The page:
Two of the biggest reasons why people choose not to go to university are worries over cost and the desire to gain financial independence from their parents. Press reports of slumps in graduate employment and rising student debt don’t help either. Rumours are often just rumours, however. A lack of money shouldn’t put you off, and you needn’t depend on your parents for funding. You’ll probably need a loan and you won’t have a big income, but nor will you be on the poverty line.
Since the introduction of tuition fees (which you only pay back once you are earning a salary) the government has provided a lot more support for people from low-income families. Universities themselves are expected to supplement this with their own bursaries and grants when necessary. In some cases there is extremely extensive provision for those without adequate personal funding, so don’t be put off because of cost.
Fees: The biggest change to university finance in recent years has been the introduction of tuition fees. Initially set at around 3,290 a year, many universities are now charging £9,000 per year (the maximum) or a little under but check our individual profiles before you apply. If you are a Welsh student, you will only pay a maximum of £3,375, even if you attend a university elsewhere in the UK. Eligible Scottish students do not pay fees to attend Scottish universities.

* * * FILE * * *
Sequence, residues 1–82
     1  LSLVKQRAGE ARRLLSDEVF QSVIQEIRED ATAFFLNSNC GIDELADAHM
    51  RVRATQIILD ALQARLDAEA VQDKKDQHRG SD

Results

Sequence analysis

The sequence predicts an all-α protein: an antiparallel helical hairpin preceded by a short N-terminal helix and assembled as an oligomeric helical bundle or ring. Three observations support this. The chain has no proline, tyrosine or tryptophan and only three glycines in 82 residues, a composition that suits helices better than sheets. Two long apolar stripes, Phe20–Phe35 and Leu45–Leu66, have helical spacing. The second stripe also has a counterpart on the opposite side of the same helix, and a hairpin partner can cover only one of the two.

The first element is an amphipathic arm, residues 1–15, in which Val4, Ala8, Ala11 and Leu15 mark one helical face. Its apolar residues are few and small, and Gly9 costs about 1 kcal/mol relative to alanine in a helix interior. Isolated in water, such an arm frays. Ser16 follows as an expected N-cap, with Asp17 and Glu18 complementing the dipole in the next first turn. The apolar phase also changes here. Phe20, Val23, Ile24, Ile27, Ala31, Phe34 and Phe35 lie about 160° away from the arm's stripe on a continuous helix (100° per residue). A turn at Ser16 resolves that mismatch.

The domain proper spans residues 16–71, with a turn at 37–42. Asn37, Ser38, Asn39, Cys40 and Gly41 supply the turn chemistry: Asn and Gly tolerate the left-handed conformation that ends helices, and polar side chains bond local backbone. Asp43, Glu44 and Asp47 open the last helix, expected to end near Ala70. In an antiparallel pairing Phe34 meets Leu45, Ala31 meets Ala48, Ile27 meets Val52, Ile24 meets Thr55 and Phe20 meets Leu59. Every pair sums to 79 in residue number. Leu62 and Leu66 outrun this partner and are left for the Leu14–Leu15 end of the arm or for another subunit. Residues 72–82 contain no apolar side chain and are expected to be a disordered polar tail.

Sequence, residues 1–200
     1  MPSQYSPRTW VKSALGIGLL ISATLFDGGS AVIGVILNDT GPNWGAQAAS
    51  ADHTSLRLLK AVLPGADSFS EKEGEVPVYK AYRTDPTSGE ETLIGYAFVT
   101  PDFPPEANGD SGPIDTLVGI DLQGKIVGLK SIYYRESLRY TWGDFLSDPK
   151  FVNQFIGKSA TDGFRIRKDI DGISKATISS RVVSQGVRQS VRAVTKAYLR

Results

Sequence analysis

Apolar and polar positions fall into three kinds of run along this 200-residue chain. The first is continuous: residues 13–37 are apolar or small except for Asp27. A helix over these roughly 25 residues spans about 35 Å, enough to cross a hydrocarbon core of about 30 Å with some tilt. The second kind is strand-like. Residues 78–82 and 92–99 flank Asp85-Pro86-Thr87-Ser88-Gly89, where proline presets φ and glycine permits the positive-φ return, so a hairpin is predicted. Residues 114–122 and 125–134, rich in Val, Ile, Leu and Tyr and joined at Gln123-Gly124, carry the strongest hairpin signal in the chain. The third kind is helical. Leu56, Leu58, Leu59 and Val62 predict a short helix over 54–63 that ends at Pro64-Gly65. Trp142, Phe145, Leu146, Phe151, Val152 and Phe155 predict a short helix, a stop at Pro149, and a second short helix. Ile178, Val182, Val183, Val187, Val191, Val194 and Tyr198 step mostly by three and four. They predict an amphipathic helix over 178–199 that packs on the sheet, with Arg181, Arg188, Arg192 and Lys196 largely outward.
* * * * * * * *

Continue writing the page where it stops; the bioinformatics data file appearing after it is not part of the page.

The maximum tuition fee a university or college can charge is £9,000. The increase in the maximum tuition fee rate to £9,000 in 2012/13 only applies if you’re entering university or college for the first time in September 2012 or later.
Other costs: If you’re living away from home you’ll also have a range of other costs. You’ll need money for accommodation, food, travel and going out. The NUS estimates that the average living costs for students per year are £10,607 (outside London) and £11,697 (in London). All of these costs can be met through loans from Student Finance and university bursaries if necessary.
The NUS also estimates that the average student spends £471 on costs associated with their course, such as books. Most universities offer specific book grants to cover these costs and there are always students willing to sell old books so take advantage of this. Be sure to get in early as there are plenty of other canny students out there.
Since the introduction of top-up fees the Government has made efforts to make sure that financial support for students is comprehensive and accessible. You'll find everything you need to know at Student Finance England , Student Finance Wales or SAAS (Scottish Awards Agency For Scotland) but we’ve made a summary of the key points below: